26 August 2014

Summer of H & h: A Review of The Graveyard Game, Kage Baker

The summer of H and little h is coming to a close. Months previous I made the auspicious decision to take a sabbatical from my career. June, July and now August have been my momma months. Days of sunshine, dinosaurs, leaves, spiders, rocks, feathers, and the ever perfecting art of raising a son have overflowed my soul with gratitude. I am also dead tired, this kid rises at 5:40 like a machine, stopping only when it is bedtime. There is no ideal picture of a family. Having experienced both sides of the coin, the working mom and now the stay-at-home-never-stop mom both have its advantages. The working mom has a life. The stay-at-home-never-stop mom does not. HA, seriously, kids are heat seeking missiles that seem to find you even when you are hiding deep in the vegetable crisper, under the romaine lettuce. Don't ever ask a stay-at-home mom (or Dad) what she/he does all day because she/he has the legal rights to punch you in the face.

Moving into to this new chapter in my family's life I need some comfort books to get me through. No one said I had to be a big girl about this kindergarten thing. In these times of flux, I find myself perusing my book shelves, looking for a rereading distraction. I looked Dune right in the eye but was in the mood for something less duney, and a lot more funny. Not a lot of jokes cracked on Arrakis, have you noticed?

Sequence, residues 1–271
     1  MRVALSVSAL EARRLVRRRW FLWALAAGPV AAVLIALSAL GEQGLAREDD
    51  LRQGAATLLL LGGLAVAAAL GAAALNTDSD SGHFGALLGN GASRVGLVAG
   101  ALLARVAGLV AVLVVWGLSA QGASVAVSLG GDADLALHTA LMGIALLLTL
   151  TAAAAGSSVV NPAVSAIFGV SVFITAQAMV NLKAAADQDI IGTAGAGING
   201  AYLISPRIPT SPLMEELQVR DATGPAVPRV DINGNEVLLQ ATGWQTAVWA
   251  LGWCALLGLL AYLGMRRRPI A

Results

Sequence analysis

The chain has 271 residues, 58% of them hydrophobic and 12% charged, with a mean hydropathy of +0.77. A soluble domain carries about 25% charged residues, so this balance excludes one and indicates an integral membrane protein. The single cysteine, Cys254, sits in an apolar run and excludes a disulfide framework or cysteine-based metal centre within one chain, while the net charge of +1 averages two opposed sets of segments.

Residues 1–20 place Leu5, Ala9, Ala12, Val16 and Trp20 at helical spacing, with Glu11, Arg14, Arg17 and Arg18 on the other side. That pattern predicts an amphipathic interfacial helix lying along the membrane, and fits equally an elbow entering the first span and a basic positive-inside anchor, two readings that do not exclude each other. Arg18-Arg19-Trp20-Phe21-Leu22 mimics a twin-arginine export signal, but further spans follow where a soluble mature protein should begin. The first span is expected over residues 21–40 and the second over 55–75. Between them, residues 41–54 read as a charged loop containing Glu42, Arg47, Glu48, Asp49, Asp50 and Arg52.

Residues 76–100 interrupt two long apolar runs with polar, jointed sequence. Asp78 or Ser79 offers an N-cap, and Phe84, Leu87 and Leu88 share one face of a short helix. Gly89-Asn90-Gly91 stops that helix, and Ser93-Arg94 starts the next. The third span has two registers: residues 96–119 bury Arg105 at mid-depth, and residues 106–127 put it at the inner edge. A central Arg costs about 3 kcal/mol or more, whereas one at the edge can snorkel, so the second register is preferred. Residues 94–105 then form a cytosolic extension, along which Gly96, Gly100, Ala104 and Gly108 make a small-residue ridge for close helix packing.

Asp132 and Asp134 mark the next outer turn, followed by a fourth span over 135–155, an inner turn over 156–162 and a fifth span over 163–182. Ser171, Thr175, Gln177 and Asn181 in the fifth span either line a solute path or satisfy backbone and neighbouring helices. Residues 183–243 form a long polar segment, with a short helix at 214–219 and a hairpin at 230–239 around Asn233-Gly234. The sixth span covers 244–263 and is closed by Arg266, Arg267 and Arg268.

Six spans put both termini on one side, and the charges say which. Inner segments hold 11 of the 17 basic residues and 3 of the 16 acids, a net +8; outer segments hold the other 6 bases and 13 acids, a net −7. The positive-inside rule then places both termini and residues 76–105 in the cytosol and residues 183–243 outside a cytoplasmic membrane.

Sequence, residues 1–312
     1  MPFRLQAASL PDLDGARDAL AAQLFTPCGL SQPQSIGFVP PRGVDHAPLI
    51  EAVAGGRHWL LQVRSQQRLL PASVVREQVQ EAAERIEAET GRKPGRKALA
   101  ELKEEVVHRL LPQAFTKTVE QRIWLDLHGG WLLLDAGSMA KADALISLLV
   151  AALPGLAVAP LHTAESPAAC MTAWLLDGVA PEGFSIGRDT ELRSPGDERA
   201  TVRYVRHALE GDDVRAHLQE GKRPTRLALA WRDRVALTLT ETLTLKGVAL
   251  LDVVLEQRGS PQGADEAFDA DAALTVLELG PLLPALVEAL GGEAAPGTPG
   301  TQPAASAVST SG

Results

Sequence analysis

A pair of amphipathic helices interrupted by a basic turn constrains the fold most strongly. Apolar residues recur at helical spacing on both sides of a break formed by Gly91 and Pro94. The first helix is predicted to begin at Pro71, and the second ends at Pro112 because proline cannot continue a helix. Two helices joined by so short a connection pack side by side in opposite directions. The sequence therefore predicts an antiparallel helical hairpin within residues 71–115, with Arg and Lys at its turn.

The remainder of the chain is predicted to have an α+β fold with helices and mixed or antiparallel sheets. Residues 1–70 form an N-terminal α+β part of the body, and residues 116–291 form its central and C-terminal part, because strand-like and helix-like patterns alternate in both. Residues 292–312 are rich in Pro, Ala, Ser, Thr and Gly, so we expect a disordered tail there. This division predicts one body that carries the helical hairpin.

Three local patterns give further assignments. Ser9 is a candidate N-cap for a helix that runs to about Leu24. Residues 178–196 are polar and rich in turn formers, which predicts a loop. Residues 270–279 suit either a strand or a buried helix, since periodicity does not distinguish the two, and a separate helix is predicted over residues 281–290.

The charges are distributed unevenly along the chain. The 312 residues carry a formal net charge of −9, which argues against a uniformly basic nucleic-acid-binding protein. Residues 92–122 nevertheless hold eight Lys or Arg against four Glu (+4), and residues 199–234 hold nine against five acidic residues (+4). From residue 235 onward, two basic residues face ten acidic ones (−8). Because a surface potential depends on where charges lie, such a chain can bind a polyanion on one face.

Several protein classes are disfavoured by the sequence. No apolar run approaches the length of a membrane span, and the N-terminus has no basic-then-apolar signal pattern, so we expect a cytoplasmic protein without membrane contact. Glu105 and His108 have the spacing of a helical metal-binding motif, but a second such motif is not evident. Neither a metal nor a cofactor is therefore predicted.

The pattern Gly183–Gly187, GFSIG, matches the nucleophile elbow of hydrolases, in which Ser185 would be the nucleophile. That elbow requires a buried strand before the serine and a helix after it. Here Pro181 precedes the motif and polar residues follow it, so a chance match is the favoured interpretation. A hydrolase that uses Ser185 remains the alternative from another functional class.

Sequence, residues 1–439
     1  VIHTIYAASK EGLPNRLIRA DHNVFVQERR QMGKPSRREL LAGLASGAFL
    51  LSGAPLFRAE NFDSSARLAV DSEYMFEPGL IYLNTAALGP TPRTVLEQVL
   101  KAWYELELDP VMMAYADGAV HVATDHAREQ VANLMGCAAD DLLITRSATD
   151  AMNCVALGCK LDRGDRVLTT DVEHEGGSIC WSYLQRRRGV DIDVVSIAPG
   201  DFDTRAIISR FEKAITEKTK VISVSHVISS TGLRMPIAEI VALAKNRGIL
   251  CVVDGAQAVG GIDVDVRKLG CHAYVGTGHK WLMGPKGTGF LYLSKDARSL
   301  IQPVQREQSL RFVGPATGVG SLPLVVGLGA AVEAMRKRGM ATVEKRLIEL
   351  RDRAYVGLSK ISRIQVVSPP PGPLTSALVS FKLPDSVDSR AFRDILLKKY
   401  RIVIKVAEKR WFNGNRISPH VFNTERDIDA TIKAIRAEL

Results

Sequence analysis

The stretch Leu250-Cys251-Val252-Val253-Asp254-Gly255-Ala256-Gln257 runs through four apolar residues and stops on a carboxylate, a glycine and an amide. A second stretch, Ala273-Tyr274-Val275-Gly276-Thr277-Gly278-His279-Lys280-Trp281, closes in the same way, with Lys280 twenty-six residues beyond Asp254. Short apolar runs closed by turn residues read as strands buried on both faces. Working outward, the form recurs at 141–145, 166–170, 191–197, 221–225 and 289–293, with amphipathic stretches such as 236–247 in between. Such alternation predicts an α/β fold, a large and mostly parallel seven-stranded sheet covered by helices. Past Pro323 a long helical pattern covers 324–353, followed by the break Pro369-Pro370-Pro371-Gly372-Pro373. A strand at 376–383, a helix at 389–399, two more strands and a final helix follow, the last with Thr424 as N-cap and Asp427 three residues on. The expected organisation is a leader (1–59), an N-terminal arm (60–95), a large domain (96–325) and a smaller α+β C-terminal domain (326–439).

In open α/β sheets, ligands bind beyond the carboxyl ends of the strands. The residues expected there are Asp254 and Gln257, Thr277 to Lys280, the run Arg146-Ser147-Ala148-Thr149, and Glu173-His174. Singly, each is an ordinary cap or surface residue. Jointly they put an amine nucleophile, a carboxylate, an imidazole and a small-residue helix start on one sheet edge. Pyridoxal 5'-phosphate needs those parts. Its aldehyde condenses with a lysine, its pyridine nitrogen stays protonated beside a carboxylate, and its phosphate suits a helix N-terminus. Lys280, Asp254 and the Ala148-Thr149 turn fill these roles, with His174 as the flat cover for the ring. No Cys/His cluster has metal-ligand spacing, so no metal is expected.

When in the mood for whimsy, I instantly think Kage Baker. And so with her  fourth book in her Company series, The Graveyard Game in hand, I spent the past weekend with an old friend. Book four focuses less on Mendoza, our herroine, the immortal cyborg whose epic affairs of the heart have so tragically led her astray for thousands of years and more on her friends.  Mendoza is missing. Rumours abound, but no immortal has seen our protagonist for centuries. Worried enough to forgo their own safety, her friends Joseph and Lewis are about to embark down paths that may lead to their own destructions.

Dr. Zeus Inc. augments children from doomed fates into immortals, who for the rest of time fulfil their Company programmed missions. In a sense, these books are treasure hunting at its finest with a twist of sci-fi to give it spice. What places the series on my favourites collection is the black humour sprinkled throughout that adds depth to the sense of doom that is implied chapter by chapter. Kage was a master at world-building and a marvel at creating people we cannot help but like, prickles and all. Of all the books, The Graveyard Game personifies Kage's ability to build layers to her overarching story-line. This book meanders from the main thus highlighting the complexity of the world she has created. No story is one note, no piece of history is accurate, there are myriads of light to each perspective and what better way to play out the level of peril Mendoza is in but to showcase it through the eyes of her friends.